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Nasdaq trips Facebook, so what will investors say?

(MoneyWatch) COMMENTARY Facebook's (FB) IPO last Friday on Nasdaq was anything but smooth. The stock exchange long associated with many of the biggest technology firms in the world had a technical meltdown that interfered with the company's shares trading.

With long-time complaints from privacy advocates, inquiries by regulators, questions about the company's valuation, and a checkered past of lawsuits by people who were present at its start and claimed they were cheated, Facebook is hardly new to controversy. But the latest row has the company in the position of victim, not perpetrator. And it raises the question of whether major stock exchanges really have the necessary stability and power they need at critical times. To put it differently, when you want to invest and grab hold of an opportunity, will you be able to? And will Nasdaq lose business as a result?

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The early hours of an IPO are normally critical, and that becomes even truer when the subject is the biggest tech IPO ever. Design flaws kept Nasdaq's systems from properly processing cancellations of orders for Facebook shares and actually delayed the IPO for almost half an hour. It took professional traders hours to learn whether their orders went through. The exchange had undertaken testing in advance that failed to identify the potential glitch. Nasdaq OMX Group CEO Robert Greifeld said, "This was not our finest hour," and that the exchange was "humbly embarrassed" by the problems.

Trading problems on exchanges are infrequent, but still common enough. In March, BATS Global Markets, the third largest U.S. equity exchange after NYSE and Nasdaq, tried to show that it could also handle IPOs by running its own. A "devastating" system breakdown affected listings that began with an A or B, including its own. After more than two hours, the company withdrew its IPO. Even though BATS boasted 99.99 percent uptime, that one high-profile problem ended its quest, at least for the immediate future, to capture some of the IPO business from the two bigger exchanges.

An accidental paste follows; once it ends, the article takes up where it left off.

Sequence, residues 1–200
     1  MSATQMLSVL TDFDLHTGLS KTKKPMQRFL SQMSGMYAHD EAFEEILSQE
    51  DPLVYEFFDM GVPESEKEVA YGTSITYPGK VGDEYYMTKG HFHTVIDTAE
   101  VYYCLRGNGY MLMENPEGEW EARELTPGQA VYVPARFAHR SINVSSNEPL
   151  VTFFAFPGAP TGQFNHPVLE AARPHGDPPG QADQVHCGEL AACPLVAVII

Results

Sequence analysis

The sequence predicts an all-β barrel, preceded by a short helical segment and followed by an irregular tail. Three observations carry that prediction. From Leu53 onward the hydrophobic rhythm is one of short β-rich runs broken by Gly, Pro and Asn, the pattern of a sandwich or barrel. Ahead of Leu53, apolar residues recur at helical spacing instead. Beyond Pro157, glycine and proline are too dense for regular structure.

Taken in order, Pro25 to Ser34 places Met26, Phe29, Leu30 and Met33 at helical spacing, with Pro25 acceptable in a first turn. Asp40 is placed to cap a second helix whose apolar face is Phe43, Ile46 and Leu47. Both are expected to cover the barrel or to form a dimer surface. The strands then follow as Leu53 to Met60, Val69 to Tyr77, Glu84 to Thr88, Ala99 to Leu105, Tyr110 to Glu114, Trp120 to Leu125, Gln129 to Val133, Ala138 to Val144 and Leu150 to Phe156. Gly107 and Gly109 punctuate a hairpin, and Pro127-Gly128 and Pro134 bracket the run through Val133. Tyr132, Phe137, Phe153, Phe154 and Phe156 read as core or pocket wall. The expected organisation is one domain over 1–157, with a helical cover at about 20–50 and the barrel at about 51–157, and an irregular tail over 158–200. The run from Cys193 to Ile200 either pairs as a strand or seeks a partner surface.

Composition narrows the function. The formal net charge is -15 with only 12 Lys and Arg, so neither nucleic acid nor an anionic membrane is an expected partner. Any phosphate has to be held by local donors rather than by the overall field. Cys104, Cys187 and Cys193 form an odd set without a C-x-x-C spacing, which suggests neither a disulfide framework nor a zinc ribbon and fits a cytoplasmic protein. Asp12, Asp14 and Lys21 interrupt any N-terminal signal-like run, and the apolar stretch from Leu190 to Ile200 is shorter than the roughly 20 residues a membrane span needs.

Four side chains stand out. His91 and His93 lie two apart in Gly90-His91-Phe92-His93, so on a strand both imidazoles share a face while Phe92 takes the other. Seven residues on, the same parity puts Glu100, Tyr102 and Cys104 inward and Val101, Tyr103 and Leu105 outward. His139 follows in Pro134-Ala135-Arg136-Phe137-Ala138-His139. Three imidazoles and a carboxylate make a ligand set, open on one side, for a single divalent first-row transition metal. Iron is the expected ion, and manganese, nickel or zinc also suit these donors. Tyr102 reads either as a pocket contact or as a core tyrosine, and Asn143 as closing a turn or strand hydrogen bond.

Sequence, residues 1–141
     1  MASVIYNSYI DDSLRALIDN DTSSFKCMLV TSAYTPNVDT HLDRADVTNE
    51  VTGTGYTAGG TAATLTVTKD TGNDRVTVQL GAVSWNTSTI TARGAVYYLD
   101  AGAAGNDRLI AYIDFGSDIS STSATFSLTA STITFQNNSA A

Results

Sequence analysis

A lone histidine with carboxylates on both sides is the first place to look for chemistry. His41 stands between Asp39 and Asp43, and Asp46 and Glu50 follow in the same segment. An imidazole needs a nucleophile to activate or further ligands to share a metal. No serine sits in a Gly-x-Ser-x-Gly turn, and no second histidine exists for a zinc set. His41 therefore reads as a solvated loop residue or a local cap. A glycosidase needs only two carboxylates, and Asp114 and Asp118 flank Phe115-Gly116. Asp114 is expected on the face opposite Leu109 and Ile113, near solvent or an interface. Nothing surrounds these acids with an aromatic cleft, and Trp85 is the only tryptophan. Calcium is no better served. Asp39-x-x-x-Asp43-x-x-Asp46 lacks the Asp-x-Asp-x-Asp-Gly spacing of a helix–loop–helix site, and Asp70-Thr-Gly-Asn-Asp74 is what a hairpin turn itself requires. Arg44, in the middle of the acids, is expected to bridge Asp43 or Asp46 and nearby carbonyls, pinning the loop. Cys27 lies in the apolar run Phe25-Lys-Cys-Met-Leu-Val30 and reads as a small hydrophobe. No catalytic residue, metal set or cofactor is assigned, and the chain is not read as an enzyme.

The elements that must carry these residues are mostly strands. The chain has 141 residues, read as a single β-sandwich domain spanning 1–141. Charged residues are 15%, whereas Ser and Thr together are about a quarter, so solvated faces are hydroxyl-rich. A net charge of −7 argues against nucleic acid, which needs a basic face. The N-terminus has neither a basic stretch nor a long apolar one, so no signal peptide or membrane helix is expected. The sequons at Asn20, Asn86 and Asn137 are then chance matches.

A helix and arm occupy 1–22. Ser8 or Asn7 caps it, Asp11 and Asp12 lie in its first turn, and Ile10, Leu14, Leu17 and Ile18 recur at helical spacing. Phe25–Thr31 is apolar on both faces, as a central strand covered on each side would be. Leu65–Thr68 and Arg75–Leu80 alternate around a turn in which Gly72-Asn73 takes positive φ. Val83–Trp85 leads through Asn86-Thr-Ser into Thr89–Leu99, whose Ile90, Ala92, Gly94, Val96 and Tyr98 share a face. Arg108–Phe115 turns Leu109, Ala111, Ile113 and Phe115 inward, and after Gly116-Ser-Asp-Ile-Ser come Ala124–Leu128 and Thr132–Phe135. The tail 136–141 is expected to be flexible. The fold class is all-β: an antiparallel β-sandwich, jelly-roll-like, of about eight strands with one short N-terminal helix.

Problems in the past

Although Facebook's IPO did finally go live (to ultimately tepid response from the secondary markets, as the stock price remains roughly where it started), the incident leaves Nasdaq with some tough questions to answer. Years ago, the exchange had a history of embarrassing problems:

  • A squirrel that crawled inside a Connecticut utility's facilities caused a power outage in 1987 that took Nasdaq's system down for 82 minutes. So-called mission critical computer systems typically have adequate power backup to keep running in case of a supply problem.
  • Equipment failure took down the exchange's systems for nearly an hour-and-a-half in 1999.
  • The next year, Nasdaq had an end-of-day failure on November 30 that kept many brokers from seeing prices.

With such a background, the question Nasdaq faces from companies that want to trade shares, institutional investors, and investment banks is why the exchange has yet to make its systems bullet-proof. Are programmers forced to work too fast because of competition-driven demand for new algorithms and capabilities, and does the design process open systems to dangerous vulnerabilities?

For now, Nasdaq must reprove itself or risk losing business, possibly even to other exchanges.